We'll finish the Fifty Book Challenge for this year a bit short of our goal, at Book Review No. 31. Michael McCarthy's Ashes Under Water: The SS Eastland and the Shipwreck that Shook America looks at some of the personalities involved in Eastland's capsize and the subsequent investigation. Mr McCarthy (of Grand Haven, not to be confused with an embattled football coach with a season turned to ashes on the west shore of Lake Michigan) stays away from the technical material, much of which has already been covered, and well, by Jay Bonasinga in The Sinking of the Eastland: America's Forgotten Tragedy and by George Hilton in Eastland: Legacy of the Titanic. But did you know that flamboyant trial lawyer Clarence Darrow was defending architect Frank L. Wright against a Mann Act violation? (These days, we drop people from the canon or from polite society, sometimes retrospectively, for less. Imagine architectural history without Wright.) And that Eastland chief engineer Joseph Erickson relied on the bit of Norse folk wisdom that provides this review with its title to ultimately be cleared of any charges stemming from the capsize? For that matter, have you considered that water ballast might be a necessary evil in a boat that must sometimes navigate channels subject to the caprices of wind, current, and sand? Or that Kenesaw Mountain Landis, not yet commissioner of baseball, owed his name to a lost leg? For the more substantive stuff, read the book.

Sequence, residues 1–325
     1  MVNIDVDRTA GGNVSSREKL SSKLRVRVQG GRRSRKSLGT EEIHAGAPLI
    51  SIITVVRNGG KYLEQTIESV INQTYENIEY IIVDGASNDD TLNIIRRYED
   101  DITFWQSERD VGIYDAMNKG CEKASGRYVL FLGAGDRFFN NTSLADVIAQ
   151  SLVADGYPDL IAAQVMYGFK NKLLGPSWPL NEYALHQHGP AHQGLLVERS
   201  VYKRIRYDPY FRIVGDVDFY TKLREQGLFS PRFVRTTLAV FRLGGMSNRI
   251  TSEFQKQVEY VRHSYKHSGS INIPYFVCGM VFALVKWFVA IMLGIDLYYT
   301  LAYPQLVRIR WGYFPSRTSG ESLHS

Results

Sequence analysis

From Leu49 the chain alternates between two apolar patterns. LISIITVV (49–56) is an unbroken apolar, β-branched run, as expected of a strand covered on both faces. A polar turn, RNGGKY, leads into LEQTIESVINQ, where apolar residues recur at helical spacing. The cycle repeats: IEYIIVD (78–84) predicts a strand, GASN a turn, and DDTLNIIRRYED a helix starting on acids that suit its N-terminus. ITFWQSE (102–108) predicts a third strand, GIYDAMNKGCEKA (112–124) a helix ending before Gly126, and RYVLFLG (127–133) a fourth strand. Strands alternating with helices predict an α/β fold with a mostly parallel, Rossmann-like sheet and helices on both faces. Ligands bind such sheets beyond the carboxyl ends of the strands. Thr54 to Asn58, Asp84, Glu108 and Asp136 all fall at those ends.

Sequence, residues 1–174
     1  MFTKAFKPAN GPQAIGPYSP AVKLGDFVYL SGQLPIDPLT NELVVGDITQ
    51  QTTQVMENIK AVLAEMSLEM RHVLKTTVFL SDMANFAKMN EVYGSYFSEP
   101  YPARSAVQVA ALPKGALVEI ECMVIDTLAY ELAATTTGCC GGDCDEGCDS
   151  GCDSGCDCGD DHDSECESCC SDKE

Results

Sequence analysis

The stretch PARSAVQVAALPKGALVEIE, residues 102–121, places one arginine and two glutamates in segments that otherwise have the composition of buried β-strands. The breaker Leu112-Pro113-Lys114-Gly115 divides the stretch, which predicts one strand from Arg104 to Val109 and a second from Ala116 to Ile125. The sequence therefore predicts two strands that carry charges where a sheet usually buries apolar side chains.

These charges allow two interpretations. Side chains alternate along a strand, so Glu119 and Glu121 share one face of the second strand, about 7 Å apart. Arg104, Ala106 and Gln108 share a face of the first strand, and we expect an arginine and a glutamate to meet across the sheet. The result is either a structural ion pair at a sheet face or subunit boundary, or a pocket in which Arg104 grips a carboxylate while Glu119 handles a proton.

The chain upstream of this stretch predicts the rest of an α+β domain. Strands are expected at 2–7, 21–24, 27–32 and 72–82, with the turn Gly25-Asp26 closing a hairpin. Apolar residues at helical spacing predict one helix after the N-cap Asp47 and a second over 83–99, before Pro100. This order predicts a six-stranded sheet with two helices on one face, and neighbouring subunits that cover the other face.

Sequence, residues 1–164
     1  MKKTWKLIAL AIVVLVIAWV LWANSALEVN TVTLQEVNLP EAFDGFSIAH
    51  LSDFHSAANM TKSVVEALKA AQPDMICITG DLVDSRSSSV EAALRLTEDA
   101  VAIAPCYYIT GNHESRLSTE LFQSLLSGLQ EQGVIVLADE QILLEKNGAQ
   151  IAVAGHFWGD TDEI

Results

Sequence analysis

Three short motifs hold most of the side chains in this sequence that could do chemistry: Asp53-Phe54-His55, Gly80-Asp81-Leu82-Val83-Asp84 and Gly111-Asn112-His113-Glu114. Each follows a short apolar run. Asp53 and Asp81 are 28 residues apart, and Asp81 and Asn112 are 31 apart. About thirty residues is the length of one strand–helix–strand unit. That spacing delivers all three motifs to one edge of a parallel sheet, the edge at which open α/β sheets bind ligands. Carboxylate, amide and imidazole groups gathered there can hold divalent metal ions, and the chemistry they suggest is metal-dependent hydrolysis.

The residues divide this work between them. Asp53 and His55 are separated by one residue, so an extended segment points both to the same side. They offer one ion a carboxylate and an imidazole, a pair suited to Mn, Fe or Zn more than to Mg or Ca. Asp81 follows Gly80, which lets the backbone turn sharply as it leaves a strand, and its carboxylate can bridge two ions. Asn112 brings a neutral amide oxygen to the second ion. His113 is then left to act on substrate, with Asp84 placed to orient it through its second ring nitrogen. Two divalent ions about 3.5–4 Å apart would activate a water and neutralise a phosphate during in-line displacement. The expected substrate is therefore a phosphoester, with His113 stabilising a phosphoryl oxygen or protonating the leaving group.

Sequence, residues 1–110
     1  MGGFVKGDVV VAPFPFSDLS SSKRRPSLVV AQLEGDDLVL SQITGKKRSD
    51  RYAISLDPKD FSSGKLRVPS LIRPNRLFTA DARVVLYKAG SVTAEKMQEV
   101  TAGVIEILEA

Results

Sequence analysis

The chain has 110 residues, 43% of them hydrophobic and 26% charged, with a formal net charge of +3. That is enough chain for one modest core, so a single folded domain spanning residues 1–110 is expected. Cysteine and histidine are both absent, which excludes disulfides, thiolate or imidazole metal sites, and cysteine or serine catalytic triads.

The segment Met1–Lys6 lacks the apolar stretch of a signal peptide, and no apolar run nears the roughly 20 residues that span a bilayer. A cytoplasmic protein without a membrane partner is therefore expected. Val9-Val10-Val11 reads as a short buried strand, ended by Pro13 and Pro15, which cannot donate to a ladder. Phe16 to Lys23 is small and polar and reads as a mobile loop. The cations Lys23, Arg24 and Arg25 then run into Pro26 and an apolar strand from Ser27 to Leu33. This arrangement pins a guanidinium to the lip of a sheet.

Thus did I find Ashes Under Water a useful complement to the aforementioned technical works, and thus do I close my chronicles of this most interesting year.
(Cross-posted to 50 Book Challenge.)